Reading Yesika Salgado’s Corazon at Sinclair

by Vanessa Borjon

literature for all of us corazonYesika Salgado’s debut poetry collection, Corazon is a romantic yet heartbreaking journey through understanding love and yearning as a Latinx* mujer. When I borrowed this book from a close friend and read through poems that seem reflective of my own overly-dramatic Mexican heart, I knew immediately that I wanted to write a curriculum around Salgado’s poems. They’d be perfect talking pieces for my young women’s group. I excitedly marked up the pages with questions I had in mind: what is it like to be daughters of immigrants living in what feels like two different worlds (“Ni de aqui, ni de alla”); how does displacement affect our propensity to sustain relationships; what does love look like when we are trying to heal from trauma; what is good love and what is bad love?

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Gender Exorcists

by Marty Kezon

literature for all of us gender exorcistsThe title came easily. It took only a few minutes of brainstorming before one of the quieter participants spoke up to offer a potential name for our poetry book: “What if we call it ‘Gender Exorcists’?” The group’s excitement was immediate, and the consensus unanimous.

This moment came during a recent book group at TransWorks, a Chicago House program that advances employment and work opportunities for trans and nonbinary individuals. Since the fall of 2016, Literature for All of Us has partnered with TransWorks to weave the book group model into their six-month long mentorship cohorts. During monthly meetings, LFAOU’s book group becomes a way for each cohort to build community, connect around urgent issues, and engage with the work of trans and nonbinary writers.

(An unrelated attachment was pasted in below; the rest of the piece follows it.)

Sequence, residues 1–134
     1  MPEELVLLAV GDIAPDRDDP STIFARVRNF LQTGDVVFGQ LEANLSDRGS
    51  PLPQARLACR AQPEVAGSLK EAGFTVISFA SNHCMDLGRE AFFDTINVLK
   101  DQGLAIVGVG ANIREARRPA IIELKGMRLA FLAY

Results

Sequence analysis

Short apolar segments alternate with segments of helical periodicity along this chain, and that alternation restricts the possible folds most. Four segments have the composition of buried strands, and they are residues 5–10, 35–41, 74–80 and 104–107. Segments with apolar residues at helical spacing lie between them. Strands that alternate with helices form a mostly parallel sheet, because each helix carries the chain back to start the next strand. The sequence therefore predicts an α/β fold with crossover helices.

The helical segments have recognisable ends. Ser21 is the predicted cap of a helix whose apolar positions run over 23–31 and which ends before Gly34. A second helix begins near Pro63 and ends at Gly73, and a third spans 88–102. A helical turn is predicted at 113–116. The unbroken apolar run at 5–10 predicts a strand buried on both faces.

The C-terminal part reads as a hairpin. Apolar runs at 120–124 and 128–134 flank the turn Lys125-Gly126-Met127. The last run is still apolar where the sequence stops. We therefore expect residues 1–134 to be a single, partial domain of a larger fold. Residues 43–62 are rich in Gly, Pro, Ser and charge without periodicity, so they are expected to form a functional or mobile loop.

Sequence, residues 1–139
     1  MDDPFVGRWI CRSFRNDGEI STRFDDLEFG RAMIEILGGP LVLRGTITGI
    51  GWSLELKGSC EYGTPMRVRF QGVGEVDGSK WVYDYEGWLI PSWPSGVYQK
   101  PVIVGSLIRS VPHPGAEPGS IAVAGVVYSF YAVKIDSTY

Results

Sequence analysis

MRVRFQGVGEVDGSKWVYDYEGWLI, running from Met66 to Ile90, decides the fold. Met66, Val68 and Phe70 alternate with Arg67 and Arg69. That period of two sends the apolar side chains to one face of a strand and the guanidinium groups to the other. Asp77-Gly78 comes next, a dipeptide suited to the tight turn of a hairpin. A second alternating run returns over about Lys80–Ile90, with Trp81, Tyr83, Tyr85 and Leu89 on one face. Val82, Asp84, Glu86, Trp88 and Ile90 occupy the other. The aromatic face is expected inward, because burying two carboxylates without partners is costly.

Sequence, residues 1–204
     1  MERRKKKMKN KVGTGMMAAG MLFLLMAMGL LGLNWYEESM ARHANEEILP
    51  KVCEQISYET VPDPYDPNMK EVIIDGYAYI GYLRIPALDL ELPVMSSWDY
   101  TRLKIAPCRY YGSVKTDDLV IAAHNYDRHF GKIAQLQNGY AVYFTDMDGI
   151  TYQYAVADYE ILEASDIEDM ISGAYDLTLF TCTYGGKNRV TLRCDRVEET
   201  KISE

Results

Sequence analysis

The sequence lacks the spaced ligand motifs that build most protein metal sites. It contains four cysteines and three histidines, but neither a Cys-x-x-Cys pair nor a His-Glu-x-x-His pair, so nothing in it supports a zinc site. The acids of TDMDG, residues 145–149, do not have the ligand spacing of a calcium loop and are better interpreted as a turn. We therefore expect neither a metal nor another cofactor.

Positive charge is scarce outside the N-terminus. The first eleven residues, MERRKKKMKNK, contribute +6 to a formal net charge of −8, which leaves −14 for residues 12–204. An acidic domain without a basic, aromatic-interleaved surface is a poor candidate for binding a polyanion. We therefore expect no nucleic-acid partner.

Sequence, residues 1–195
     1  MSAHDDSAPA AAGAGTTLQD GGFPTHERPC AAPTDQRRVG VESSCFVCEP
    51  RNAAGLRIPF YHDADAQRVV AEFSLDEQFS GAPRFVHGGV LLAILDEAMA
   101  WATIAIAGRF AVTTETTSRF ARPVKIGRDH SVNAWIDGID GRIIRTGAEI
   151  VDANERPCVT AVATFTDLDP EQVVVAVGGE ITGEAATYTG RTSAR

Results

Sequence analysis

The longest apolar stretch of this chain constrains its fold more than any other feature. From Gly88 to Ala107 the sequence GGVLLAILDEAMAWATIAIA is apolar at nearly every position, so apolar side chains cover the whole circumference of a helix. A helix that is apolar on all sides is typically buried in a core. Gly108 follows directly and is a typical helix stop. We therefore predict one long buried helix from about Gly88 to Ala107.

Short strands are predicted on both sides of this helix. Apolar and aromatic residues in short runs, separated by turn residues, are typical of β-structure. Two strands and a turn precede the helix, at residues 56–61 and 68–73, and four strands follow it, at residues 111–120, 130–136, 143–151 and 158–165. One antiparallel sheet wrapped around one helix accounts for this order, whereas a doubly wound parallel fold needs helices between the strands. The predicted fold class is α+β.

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Reading Tyrell by Coe Booth with Second Chance Students

by Stella Akua Mensah

literature for all of us Second Chance TyrellDuring the last month of my book group at Second Chance Alternative High School, we started Tyrell by Coe Booth. We talked about sexual harassment, mentors, parental figures that are not our parents, receiving and offering earnest support when folks are struggling, homes away from home, homelessness, poverty, polyamory, different roles we play in our families, dealing with neglectful mothers, and responsibilities.

We opened the group with the question, “How do you define being ‘grown’ or being an ‘adult’?” People had a lot of takes on this, mentioning living alone, financial independence, and spiritual/emotional independence. Participants agreed quite unanimously that we are never fully “grown”—that we never stop learning and evolving.

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Sinclair Alternative High School Poetry Bash!

sinclair poetry bash main

by Erin Brown

Literature for All of Us celebrated the end of another successful school year at Upton Sinclair Alternative High School with our annual Poetry Bash. Students, teachers, book group leaders, and board members gathered at the Poetry Foundation in downtown Chicago to honor the words and voices of over 70 young people—all participants in our weekly book groups at Sinclair, located in the Back of the Yards neighborhood.

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